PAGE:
My grandmother’s soda bread is broad as a hubcap and thick as a dictionary, with a golden crust that gives way to a heart that is creamy white, soft and fluffy. It’s best enjoyed straight from the oven, still steaming, with just a chunk of cheese or dollop of butter, jam and a cup of tea.

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I’d say her soda bread is among the best in Ireland, but then a lot of my Irish friends would claim the same of their grannies’. For all its banality and ubiquity, this humble loaf remains a beloved staple that reveals more than you might initially expect about the country. Cheap, quick to prepare and served in every household, it fuelled the nation in times of hardship and for so many of us still the smell of freshly baked bread brings back warming childhood memories of when things were simpler and life seemed a bit more carefree.

That perhaps explains why Ashford Castle, a very luxurious hotel set elegantly beside Lough Corrib on the Galway-Mayo border in the west of Ireland, has made the craft of baking soda bread a central component of its new programmes introducing visitors to the best of Ireland’s cultural custodians, all artisans who ordinarily remain firmly out of public view.

From trawling the coastline of Connemara with a shellfish farmer to visiting the workshop of a stone carver, there are 32 different experiences that can be combined across Mayo, Galway and Clare to give truly distinctive day-long introductions to Ireland’s culture and character(s).

I was one of the first to try out the portfolio, on a food-centred itinerary that started with baking soda bread. Facilitating everything was guide Eoin Warner, a knowledgeable storyteller and authority on Irish mythology, language, culture and history who was ready to share fascinating insights into the country. ‘There’s a great sense of promise in the air,’ Eoin said in reference to the softening weather as we set off on the first dry day to follow Storm Jorge, though the statement tallied just as well with the encounters awaiting us.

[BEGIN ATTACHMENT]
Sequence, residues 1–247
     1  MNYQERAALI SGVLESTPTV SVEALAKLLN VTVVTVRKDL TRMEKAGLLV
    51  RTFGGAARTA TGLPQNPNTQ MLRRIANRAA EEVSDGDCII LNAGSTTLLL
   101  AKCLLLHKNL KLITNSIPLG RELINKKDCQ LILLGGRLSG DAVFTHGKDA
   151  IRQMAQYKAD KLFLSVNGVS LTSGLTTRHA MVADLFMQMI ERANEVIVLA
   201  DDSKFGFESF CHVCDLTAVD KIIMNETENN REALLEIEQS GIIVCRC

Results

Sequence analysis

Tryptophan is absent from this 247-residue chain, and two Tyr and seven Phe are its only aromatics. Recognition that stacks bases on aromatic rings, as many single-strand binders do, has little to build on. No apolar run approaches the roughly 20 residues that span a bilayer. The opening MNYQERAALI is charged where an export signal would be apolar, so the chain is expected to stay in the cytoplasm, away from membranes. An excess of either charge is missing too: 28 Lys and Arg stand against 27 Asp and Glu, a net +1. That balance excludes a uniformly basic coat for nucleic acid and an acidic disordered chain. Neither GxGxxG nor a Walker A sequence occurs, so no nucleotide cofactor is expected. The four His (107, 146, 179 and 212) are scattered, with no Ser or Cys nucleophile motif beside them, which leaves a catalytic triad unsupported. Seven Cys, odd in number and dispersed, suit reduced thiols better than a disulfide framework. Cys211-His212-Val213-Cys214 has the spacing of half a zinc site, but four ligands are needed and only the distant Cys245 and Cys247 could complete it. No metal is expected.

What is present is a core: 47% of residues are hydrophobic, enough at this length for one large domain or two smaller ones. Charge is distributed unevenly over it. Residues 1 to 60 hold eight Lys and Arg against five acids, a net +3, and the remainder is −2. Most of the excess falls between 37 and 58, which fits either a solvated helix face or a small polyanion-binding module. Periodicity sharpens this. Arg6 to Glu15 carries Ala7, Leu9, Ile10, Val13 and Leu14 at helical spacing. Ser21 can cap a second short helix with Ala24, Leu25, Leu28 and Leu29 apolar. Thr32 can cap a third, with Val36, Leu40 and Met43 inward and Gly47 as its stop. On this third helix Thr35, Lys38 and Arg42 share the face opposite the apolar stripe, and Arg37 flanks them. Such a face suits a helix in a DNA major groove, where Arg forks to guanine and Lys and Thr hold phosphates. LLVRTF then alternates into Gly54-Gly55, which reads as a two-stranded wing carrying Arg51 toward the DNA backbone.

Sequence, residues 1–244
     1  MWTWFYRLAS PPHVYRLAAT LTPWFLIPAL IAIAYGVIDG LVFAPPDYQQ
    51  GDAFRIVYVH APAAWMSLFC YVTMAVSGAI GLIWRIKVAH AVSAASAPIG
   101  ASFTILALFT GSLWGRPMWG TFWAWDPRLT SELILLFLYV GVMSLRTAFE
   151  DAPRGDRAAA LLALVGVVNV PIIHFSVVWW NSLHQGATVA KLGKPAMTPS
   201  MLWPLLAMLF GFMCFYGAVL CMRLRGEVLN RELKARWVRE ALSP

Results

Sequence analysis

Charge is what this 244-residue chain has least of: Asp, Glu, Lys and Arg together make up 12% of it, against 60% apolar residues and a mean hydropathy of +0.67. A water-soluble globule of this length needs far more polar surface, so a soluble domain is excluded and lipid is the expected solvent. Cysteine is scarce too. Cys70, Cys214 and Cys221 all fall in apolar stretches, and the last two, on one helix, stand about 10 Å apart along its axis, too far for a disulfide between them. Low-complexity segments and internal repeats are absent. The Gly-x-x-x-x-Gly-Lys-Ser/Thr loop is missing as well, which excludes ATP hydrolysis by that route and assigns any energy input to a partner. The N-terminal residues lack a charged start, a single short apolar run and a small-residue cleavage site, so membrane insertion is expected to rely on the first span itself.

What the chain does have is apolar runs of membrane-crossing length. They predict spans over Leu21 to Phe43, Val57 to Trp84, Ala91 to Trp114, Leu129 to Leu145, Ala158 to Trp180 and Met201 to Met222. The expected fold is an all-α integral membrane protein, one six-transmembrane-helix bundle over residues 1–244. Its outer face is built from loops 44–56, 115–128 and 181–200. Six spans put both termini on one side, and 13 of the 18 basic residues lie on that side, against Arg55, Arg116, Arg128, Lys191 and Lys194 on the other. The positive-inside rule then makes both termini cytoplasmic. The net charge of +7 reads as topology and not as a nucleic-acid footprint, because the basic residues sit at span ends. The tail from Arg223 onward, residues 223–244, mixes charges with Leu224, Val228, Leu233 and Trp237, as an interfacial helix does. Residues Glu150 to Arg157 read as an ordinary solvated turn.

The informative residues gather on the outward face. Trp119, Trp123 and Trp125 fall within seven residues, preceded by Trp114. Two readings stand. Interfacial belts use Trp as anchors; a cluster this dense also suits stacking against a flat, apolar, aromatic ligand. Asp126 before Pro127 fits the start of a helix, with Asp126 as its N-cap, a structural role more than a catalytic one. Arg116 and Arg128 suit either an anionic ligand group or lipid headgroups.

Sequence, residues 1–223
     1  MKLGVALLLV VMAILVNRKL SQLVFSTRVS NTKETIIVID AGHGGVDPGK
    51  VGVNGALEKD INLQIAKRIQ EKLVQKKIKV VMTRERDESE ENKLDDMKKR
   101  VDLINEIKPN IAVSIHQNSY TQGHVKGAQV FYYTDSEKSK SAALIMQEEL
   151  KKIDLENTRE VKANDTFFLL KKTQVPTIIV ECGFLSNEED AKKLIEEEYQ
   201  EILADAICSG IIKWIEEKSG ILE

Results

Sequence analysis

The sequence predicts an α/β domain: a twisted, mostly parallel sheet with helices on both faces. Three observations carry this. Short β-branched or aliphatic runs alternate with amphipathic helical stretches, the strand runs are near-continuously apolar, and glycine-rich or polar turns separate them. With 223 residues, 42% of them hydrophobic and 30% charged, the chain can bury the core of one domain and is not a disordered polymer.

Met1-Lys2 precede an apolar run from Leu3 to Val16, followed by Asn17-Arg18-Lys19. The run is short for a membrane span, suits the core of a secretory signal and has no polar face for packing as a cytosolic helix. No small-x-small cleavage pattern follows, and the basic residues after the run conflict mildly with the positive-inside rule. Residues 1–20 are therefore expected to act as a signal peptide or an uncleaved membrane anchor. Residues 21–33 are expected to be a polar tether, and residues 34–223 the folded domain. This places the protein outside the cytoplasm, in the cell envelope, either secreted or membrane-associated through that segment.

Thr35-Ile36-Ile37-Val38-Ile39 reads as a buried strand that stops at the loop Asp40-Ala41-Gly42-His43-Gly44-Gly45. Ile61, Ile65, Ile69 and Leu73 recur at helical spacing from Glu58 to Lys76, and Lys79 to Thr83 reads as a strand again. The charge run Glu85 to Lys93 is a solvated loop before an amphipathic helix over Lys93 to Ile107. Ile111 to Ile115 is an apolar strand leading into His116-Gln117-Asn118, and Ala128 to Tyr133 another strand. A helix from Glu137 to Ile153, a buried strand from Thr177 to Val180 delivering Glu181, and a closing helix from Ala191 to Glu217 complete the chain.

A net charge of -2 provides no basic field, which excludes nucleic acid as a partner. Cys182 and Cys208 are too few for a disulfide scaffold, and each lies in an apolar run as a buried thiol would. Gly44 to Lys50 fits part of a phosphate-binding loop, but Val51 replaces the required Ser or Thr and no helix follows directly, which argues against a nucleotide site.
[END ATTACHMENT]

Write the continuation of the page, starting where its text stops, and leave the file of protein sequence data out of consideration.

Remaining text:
To ensure availability and proximity to whatever other experiences guests might choose, the hotel has partnered with two local independent soda bread bakers. My teacher Orla, who lives in a converted 200-year-old church with a graveyard in its grounds, had just taken her own morning loaves from the oven when we called at her door. The aroma wrapped us in nostalgia and we slipped into easy conversation about family, home and tradition as I made my own loaf at her kitchen table.

Given I can just about manage to boil water and had never actually attempted to join my grandmother in her bread-making endeavours, it turned out to be a good thing that baking soda bread couldn’t be easier. While making the likes of sourdough takes an awful lot of effort, all I really needed to do was chuck the ingredients in a bowl, add buttermilk and mix. In fact, with the oven preheated and the ingredients I needed already laid out, preparation only took seven or so minutes. Slowly churning the batter by hand took on a meditative quality for me – Orla and I agreed there was something therapeutic to it, and I was pleased to be taught something I could so easily integrate into life back home.

While my bread baked, we ate her still-warm batch, chatting about this and that as shards of light beamed through the old church windows and her Irish wolfhound dozed by the turf fire. It was a very normal, everyday occasion that felt completely lovely.

When it was time to leave, my freshly baked loaf was presented to me, swaddled in cotton. I set it on my lap like a hot water bottle and we drove on, with Eoin indicating points of interest in East Galway, a part of Ireland rarely visited by tourists or even locals like me who grew up less than an hour away in Galway city.

So many hotels claim they’re all about engaging with the community, but in reality it’s rare for them to get the balance right. For all its simplicity, this day out moved me. I look forward to following Orla’s super-simple bread recipe at home and recalling those memories, and expect this will be an experience I’ll look back upon fondly for many years to come.

The Daily Telegraph